mount:="/sbin/mount_nfs kerberos.monzell.com:/exports/";\
        unmount:="/sbin/umount /mnt"

That returned

# cd /net/remote                                                                                                                                                                                 
usage:  [-23bcdilsTU] [-a maxreadahead] [-g maxgroups]
        [-I readdirsize] [-o options] [-R retrycnt] [-r readsize]
        [-t timeout] [-w writesize] [-x retrans] rhost:path node
ksh: cd: /net/remote - Operation not permitted

Then this:

defaults type:=nfs;fs:=${autodir}
  # autodir = -a parameter of amd call = amd_mnt in rc.conf = /tmp_mnt
  # Be careful with 'umount' and 'unmount' in the following.
remote type:=program;fs:=/mnt;\
        mount:="/sbin/mount nfs kerberos.monzell.com:/exports/";\
        unmount:="/sbin/umount /mnt"

Which returned this:

# cd /net/remote                                                                                                                                                                                 
nfs: realpath kerberos.monzell.com:/exports/: No such file or directory
ksh: cd: /net/remote - Operation not permitted

Nothing yet.

share|improve this question

6 Answers 6

regarding the type:=program mount/unmount commands, the infodoc for amd on OpenBSD mentions that the first element in the argument is the program to execute, and the second arg is what gets passed in as $0.

so iow, if i did

mount:="/sbin/mount_nfs -x10 -3 -dt600 -r32768 -w32768 -o rw,tcp.intr host:/path/${key} /local/${key}"

i ended up getting:

usage: -x10 [-23bcdilsTU] [-a maxreadahead] [-g maxgroups] [-I readdirsize] [-o options] [-R retrycnt] [-r readsize] [-t timeout] [-w writesize] [-x retrans] rhost:path node

putting 'mount_nfs' in there in front of the -x10 (and similar for the unmount prog) solved the syntax error for me, however i found the whole "mount to -a mount_point and then make symlinks" thing was not automatically handled in this case. i debated writing a wrapper script but instead ended up going with:

/defaults type:=nfs; jspiegel rhost:=NFS_HOST;rfs:=NFS_EXPORT_PATH/${key};opts:="rw,tcp,intr"

in my case, i am getting auto.home via NIS, and the syntax in it is specific to linux's nfs mount, so i'm doing a cronjob that does a yppoll on auto.home, and if the server has a newer one, i pull it down and basically run it through sed(1) a lot and spit out an auto.home.fixed file that i have amd read. not perfect, but the machine in question is just a YP client, not a slave, so nothing in the yp/Makefile is going to do me any good.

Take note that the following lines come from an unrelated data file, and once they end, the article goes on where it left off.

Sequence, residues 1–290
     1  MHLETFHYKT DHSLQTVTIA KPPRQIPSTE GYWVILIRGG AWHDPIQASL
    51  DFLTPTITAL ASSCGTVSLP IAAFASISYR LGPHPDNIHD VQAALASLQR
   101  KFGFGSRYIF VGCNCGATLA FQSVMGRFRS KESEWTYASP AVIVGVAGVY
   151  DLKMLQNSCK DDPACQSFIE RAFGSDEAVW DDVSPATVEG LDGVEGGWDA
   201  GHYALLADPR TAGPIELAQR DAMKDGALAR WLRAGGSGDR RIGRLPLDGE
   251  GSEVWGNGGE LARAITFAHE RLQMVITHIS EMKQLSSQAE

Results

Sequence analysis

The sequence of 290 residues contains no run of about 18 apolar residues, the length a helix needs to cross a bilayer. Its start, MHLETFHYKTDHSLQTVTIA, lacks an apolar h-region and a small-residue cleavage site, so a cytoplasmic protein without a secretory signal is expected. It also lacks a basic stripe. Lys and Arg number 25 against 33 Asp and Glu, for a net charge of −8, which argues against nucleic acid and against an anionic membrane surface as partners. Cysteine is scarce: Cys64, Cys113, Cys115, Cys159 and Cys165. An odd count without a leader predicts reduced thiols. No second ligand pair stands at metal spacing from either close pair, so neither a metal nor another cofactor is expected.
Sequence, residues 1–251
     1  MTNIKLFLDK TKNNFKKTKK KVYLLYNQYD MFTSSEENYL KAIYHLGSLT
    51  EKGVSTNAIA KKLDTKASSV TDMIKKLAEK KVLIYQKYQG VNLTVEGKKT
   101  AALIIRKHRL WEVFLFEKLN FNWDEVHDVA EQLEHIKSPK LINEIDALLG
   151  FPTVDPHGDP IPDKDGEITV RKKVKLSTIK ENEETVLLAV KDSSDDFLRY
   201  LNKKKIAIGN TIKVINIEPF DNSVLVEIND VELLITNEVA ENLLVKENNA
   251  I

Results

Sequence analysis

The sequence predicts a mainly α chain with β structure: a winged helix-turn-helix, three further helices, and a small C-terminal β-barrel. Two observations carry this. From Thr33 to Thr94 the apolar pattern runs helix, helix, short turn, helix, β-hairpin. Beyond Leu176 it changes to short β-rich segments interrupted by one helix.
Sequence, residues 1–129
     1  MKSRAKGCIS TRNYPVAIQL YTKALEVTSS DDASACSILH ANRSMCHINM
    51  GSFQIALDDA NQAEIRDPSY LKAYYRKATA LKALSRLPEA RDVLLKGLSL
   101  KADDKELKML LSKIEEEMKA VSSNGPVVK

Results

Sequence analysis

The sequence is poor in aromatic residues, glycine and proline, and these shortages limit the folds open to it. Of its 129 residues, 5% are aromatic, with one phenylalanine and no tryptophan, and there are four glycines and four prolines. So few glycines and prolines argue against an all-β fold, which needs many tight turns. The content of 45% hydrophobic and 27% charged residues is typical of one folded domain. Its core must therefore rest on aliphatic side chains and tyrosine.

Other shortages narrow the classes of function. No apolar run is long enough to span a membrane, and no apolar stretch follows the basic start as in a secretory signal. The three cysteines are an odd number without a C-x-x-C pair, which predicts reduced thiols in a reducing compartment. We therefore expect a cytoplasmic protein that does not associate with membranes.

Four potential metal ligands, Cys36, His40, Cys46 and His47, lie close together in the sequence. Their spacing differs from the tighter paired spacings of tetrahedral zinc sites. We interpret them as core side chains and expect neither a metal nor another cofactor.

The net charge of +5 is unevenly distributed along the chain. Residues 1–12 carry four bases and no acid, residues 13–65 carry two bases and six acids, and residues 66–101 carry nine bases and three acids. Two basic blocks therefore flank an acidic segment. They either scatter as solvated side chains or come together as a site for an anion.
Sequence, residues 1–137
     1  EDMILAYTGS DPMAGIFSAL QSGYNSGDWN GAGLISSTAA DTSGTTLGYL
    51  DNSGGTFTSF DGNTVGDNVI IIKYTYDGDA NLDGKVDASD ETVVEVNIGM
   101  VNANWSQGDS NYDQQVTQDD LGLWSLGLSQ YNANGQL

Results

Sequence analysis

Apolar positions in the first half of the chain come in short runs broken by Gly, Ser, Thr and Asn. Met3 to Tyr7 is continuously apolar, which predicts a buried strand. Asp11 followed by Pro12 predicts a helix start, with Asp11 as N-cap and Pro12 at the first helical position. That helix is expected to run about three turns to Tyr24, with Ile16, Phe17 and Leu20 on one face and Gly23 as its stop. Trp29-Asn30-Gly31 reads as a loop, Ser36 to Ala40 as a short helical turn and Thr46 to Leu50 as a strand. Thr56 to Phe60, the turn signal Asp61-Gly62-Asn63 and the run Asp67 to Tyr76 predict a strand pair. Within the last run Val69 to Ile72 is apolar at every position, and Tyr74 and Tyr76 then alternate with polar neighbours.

share|improve this answer
up vote 0 down vote accepted

Finally "figured" it out. What I did is to copy an existing FreeBSD map file to /etc/amd/amd.net as follows:

/defaults       type:=host;fs:=${autodir}/${rhost}/host;rhost:=${key}
*               opts:=rw,grpid,resvport,vers=3,proto=tcp,nosuid,nodev

{autodir} is set to the default directory used by amd (which is apparently /tmp_mnt, while ${rhost} is the remote host as specified by the key (which looks for the host name either in DNS or in /etc/hosts file:

192.168.15.250          qnap    qnap.monzell.com

On top of that is the host directory.

Then I created a directory in the root as:

/etc/amd/master:

/host amd.net

Then I create a host directory under root. Afterwards, it works as expected.

$ df
Filesystem   512-blocks      Used     Avail Capacity  Mounted on
/dev/wd0a        290396     89088    186792    32%    /
/dev/wd0k       3240316   1858968   1219336    60%    /home
/dev/wd0d        448956        12    426500     0%    /tmp
/dev/wd0f       1943196    903596    942444    49%    /usr
/dev/wd0g       1105820    346852    703680    33%    /usr/X11R6
/dev/wd0h       4387772    256560   3911824     6%    /usr/local
/dev/wd0j       2137436         4   2030564     0%    /usr/obj
/dev/wd0i       2137436         4   2030564     0%    /usr/src
/dev/wd0e        498940     18656    455340     4%    /var
amd:9747              0         0         0   100%    /host
qnap:/Public 1916713232 642213152 1274500080    34%    /tmp_mnt/qnap/host/Public
qnap:/pub    1916713232 642213152 1274500080    34%    /tmp_mnt/qnap/host/pub
qnap:/users  1916713232 642213152 1274500080    34%    /tmp_mnt/qnap/host/users

It looks like most communication NFS needs to be through the host, which takes care of the remote mount via NFSv3/TCP. Any attempts to mount remotely via amd directly will default to udp,version 2.

Still don't really understand amd, but I got it working, which means I am mostly there. :)

share|improve this answer

I think your mount command in the last edits are wrong. Don't know a lot about BSD, but let's give it a try.

defaults type:=nfs;fs:=${autodir}
 # autodir = -a parameter of amd call = amd_mnt in rc.conf = /tmp_mnt
 # Be careful with 'umount' and 'unmount' in the following.
remote type:=program;fs:=/mnt;\
       mount:="/sbin/mount_nfs kerberos.monzell.com:/exports/";\
       unmount:="/sbin/umount /mnt"

That returned

# cd /net/remote                                                                                                                                                                                 
usage:  [-23bcdilsTU] [-a maxreadahead] [-g maxgroups]